eCheck Process Flow
100
Electronic Payment
  • Stored-value cards, e-cash (e.g., Mondex,
    CyberCoin, VisaCash)
  • permit cost-effective micropayments
  • mondex smart cards
  • battery operated card readers
  • swipe card
  • value transferred to retailers terminal
  • no authorization required

101
Electronic Payment
  • Electronic wallet (Fujitsu, Mondex)
  • can be used for Internet transaction settlement
  • handheld terminal
  • values are transferred from customers account to
    customers card or
  • to merchants account via either the card or a
    Web connection
  • can store values for different currencies
  • http//www.mondex.com/

102
Electronic Payment
  • Closed e-cash system
  • Values recharged (transferred) only by bank
  • VisaCash
  • Open e-cash system
  • Values can be transferred between cards
  • Mondex
  • eMail-grams
  • Pay money to or receive money from anyone with
    email
  • e.g., www.Paypal.com

103
Marketing Issues in E-Commerce
104
Marketing Your Web Site
  • One-to-one marketing
  • Customer service
  • Banner ads
  • Search engines

105
One-to-One Marketing
  • Relationship marketing
  • Overt attempt of exchange partners to build a
    long term association, characterized by
    purposeful cooperation and mutual dependence on
    the development of social, as well as structural,
    bonds
  • Treat different customers differently
  • Able to change the manner its products are
    configured or its service is delivered, based on
    the individual needs of individual customers

106
One-to-One Marketing
  • Customer loyalty
  • Purchase behavior
  • One of the most significant contributors to
    profitability
  • Increase profits strengthen market position
    become less sensitive to price competition
    increase cross-selling success save cost, etc.
  • Real world examples
  • 1-800-FLOWERS
  • Amazon.com
  • Federal Express (FedEx)

107
One-to-One Marketing
  • Building and maintaining customer loyalty
  • Maintain continuous interactions between
    consumers and business
  • Make a commitment to provide all aspects of the
    business online
  • Build different sites for different levels of
    customers
  • Willing to invest capital, both human and
    financial, in the information systems, to insure
    continuous improvement in the supporting
    technology as it becomes available

108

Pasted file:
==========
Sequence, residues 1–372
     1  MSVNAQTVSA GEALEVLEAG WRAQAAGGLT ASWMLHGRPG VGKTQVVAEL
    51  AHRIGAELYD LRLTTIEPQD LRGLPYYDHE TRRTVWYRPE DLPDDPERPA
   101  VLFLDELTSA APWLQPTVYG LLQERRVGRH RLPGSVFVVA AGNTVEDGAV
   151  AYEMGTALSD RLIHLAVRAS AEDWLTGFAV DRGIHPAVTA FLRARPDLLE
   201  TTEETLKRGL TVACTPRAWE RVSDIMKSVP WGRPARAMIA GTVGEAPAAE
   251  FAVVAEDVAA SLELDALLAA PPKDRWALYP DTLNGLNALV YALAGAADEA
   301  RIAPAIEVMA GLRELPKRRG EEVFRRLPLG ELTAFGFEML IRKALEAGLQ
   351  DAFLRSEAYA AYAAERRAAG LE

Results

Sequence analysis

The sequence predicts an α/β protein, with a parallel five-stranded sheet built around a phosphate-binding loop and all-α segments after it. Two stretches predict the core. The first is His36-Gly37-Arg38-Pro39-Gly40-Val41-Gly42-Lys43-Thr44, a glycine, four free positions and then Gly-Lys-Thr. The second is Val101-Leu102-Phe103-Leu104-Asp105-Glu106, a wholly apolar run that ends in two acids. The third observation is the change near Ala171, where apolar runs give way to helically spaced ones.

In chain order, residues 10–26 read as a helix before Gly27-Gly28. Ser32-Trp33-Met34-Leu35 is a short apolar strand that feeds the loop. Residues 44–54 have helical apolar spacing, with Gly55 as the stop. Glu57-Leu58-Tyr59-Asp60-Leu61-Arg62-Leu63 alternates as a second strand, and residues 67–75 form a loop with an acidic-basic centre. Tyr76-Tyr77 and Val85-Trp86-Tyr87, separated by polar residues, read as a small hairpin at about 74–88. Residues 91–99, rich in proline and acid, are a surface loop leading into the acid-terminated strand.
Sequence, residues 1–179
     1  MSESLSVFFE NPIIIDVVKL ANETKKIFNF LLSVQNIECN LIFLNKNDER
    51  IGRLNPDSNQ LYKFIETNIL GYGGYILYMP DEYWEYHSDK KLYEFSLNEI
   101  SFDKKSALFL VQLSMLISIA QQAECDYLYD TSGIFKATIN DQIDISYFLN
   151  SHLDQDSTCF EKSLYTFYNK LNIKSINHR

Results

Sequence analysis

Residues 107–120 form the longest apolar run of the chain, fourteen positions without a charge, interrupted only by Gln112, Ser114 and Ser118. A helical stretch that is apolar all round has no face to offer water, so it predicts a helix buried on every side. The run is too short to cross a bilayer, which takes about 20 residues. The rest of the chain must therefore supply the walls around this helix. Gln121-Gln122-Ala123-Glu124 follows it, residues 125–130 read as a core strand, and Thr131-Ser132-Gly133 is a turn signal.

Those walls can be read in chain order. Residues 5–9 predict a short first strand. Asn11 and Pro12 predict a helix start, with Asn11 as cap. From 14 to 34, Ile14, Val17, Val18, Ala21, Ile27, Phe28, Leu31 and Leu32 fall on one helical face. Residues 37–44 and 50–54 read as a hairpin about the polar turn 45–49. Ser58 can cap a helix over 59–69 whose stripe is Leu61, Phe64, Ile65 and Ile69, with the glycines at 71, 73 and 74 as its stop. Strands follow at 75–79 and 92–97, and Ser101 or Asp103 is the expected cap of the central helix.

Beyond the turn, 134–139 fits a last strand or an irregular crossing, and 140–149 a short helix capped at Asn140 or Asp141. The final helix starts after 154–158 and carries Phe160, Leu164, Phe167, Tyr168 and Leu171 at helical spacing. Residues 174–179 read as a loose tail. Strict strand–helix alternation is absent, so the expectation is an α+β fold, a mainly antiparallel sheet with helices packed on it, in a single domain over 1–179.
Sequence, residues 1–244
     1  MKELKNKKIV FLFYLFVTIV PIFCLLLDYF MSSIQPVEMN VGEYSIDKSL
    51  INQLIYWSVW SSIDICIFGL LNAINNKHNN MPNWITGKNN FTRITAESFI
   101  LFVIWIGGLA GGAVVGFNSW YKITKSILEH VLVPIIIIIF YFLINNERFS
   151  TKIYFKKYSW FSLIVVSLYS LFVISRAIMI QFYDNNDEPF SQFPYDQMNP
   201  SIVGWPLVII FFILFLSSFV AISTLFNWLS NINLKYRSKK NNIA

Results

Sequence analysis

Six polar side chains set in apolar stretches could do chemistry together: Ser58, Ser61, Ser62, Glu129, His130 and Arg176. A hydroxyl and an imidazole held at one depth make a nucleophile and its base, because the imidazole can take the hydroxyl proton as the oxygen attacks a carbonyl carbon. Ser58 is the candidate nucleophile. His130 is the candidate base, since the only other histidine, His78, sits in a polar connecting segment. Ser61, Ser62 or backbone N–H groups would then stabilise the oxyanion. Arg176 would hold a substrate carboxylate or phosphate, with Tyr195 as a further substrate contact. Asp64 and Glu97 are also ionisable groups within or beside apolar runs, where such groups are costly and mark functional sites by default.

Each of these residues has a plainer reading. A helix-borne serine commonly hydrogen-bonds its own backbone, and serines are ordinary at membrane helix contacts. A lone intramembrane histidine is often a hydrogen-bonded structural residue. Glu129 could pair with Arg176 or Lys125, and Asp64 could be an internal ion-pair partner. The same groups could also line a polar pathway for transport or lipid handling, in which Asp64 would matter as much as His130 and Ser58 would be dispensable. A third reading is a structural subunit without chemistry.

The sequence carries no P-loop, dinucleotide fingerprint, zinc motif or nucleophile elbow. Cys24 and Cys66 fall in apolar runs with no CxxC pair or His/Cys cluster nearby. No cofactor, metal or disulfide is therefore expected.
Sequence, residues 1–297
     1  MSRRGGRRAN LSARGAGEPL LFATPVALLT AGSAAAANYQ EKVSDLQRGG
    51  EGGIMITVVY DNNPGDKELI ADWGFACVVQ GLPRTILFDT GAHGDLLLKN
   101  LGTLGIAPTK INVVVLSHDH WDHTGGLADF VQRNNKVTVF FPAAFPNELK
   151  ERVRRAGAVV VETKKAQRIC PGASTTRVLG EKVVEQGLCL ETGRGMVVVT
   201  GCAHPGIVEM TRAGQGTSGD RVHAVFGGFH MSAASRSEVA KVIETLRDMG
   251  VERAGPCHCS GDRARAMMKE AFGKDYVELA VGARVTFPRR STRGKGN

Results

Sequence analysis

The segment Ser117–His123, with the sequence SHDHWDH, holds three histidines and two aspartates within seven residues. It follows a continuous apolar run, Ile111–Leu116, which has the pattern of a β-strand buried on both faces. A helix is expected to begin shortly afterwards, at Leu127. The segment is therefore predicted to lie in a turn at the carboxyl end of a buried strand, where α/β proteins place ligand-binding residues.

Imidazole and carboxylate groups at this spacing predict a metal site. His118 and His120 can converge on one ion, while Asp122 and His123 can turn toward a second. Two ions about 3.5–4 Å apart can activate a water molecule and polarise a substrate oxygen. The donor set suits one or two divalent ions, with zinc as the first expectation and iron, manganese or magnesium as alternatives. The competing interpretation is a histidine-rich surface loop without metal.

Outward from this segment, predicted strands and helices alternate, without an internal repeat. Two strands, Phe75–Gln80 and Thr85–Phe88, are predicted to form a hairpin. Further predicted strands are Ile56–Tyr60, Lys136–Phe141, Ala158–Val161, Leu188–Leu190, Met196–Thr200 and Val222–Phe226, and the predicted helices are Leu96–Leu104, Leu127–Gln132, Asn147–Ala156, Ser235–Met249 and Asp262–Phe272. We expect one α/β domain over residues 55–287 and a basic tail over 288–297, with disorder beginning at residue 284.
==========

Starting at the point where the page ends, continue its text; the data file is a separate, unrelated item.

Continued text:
One-to-One Marketing
  • Building and maintaining customer loyalty
  • Make a commitment to use the information
    collected about customers in an ethical manner
  • Realistic managerial expectations in the payback
    period and cost recovery
  • Set acceptable standards for response time in
    customer service (24-48 hours) Use intelligent
    agents to expedite and standardize responses
    whenever possible
  • Ability to change and customize information and
    services quickly and inexpensively is a must

109
One-to-One Marketing
  • Customer service
  • A new look and feel

Install Web servers which allow each customer to
create individual web pages that can be
customized to record purchases and preferences
Put the burden on the customer to treat a problem
or inquiry and receive information bit by bit
110
One-to-One Marketing
  • Customer service
  • Information can be directed to the customer
    efficiently
  • Creation of a database which records purchases,
    problems, and requests is facilitated
  • Information can now be traced and analyzed for
    immediate response
  • If customer service options and solutions do not
    maintain the same level of excitement and
    interaction as the advertising and sales
    presentations, the level of intensity declines
    and the vendor runs the risk of losing customers

111
Implementing Customer Service in Cyberspace
  • Product Life Cycle
  • Phase 1. Requirements assisting the customer
    to determine needs
  • Phase 2. Acquisition helping the customer
    to acquire a product or
    service
  • Phase 3. Ownership supporting the
    customer on an ongoing basis
  • Phase 4. Retirement helping the client to
    dispose of a service or
    product

112
Implementing Customer Service in Cyberspace
  • Types of Customer Service Functions
  • Answering customer inquires
  • Providing technical and other information
  • Letting customers track accounts or order status
  • Allowing customers to customize and order online

113
Implementing Customer Service in Cyberspace
114
Tools of Customer Service
  • Personalized Web Pages
  • Used to record purchases and preference
  • Direct customized information to customers
    efficiently
  • Chat Room
  • Discuss issues with company experts with other
    customers
  • E-mail
  • Disseminate product information, conduct customer
    inquiry correspondence
  • FAQs
  • Not customized, no personalized feeling, no
    contribution to relationship marketing

115
Tools of Customer Service
  • Help Desks and Call Centers
  • A comprehensive customer service entity
  • EC vendors take care of customer service issues
    communicated through various contact channels